Tianeptine Use in Dietary Supplements Linked to Neonatal Opioid Withdrawal Syndrome: Study
Tianeptine is often referred to as “gas station heroin”, and can be found as an ingredient in several over-the-counter dietary supplements, such as Neptune’s Fix and Tianna. However, new research suggests that use during pregnancy may cause infants to develop severe withdrawal symptoms after birth.
In findings published this month in the medical journal Pediatrics, researchers warn that tianeptine exposure in utero may cause symptoms similar to neonatal opioid withdrawal syndrome, also known by the clinical term neonatal abstinence syndrome, or NAS.
Tianeptine Pregnancy Exposure Risks
Tianeptine is an opioid receptor drug often prescribed in other countries as an antidepressant and sold under brand names like Stablon and Coaxil. In the United States, tianeptine is not approved for medical use by the U.S. Food and Drug Administration (FDA), but is commonly used in dietary supplements.
The drug is known to carry potential risks for abuse and addiction. However, side effects of exposure to tianeptine during pregnancy have not been widely studied.
Only one study from 2015 documented the possible side effects during pregnancy. The research reported a mother dependent on tianeptine with daily use. Her child was born with neonatal opioid withdrawal syndrome and needed treatment with morphine.
In this new study, conducted by researchers from the University of South Alabama Children’s and Women’s Hospital, documented a case of chronic prenatal exposure due to the mother’s dependence on a dietary supplement containing tianeptine.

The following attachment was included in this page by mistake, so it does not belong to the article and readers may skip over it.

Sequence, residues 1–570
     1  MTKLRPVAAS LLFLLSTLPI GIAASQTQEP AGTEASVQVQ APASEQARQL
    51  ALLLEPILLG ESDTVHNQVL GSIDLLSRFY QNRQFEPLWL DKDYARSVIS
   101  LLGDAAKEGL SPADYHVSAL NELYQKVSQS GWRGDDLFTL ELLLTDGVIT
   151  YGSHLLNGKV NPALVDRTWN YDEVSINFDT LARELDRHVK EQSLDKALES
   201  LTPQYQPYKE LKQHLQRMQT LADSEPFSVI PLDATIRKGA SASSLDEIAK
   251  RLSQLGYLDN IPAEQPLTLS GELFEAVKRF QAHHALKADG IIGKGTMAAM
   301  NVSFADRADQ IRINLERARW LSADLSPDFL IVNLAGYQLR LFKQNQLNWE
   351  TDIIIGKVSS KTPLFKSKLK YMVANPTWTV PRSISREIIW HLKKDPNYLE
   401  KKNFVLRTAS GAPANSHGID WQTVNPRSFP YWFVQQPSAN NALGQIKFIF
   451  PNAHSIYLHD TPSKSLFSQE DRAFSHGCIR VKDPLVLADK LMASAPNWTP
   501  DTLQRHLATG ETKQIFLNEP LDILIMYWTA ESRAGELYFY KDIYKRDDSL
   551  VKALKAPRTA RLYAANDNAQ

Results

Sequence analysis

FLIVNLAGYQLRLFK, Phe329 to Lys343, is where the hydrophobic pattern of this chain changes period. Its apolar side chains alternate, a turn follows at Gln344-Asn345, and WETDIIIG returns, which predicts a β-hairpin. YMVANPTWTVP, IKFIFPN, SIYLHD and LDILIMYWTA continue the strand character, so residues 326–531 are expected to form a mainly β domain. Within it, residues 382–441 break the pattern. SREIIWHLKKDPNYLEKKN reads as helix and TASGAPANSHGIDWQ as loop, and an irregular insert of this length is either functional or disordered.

The infant developed signs of severe withdrawal shortly after birth. The symptoms were not reduced with phenobarbital, but the infant responded well to morphine therapy, a characteristic of opioid withdrawal syndrome.
Neonatal Opioid Withdrawal Syndrome
Infants suffering side effects of neonatal abstinence syndrome or neonatal opioid withdrawal can experience inconsolable crying, tremors, seizures, difficulty sleeping, irritability, tight muscle tone, hyperactive reflexes, and excessive sneezing or yawning. Doctors often treat infants with small doses of morphine, but other interventions can also help, such as skin-to-skin contact, low lighting, breastfeeding, and comforting actions.
The effects of neonatal opioid withdrawal syndrome can be long-lasting and may impact neurodevelopment, cause changes to cognition and school performance, impaired vision, behavior issues, and increased risk of early death.
There are increasing reports of consumers experiencing side effects from tianeptine, including seizures, agitation, confusion, sweating, rapid heartbeat, nausea, vomiting, hospitalizations, coma, and death.
Despite the potential risks, tianeptine products are sold over-the-counter and are easy to buy as dietary supplements at gas stations, delis, vape shops, convenience stores, and online under brand names like ZaZa and Tianna Red. Several states have banned the use of the drug and the FDA issued a warning in February 2022 about the risks of using dietary supplements containing tianeptine.
“For infants with clinical signs of opioid withdrawal without known etiology, we suggest that the maternal interview should inquire about the use of neurotropic over-the-counter drugs,” the researchers concluded.
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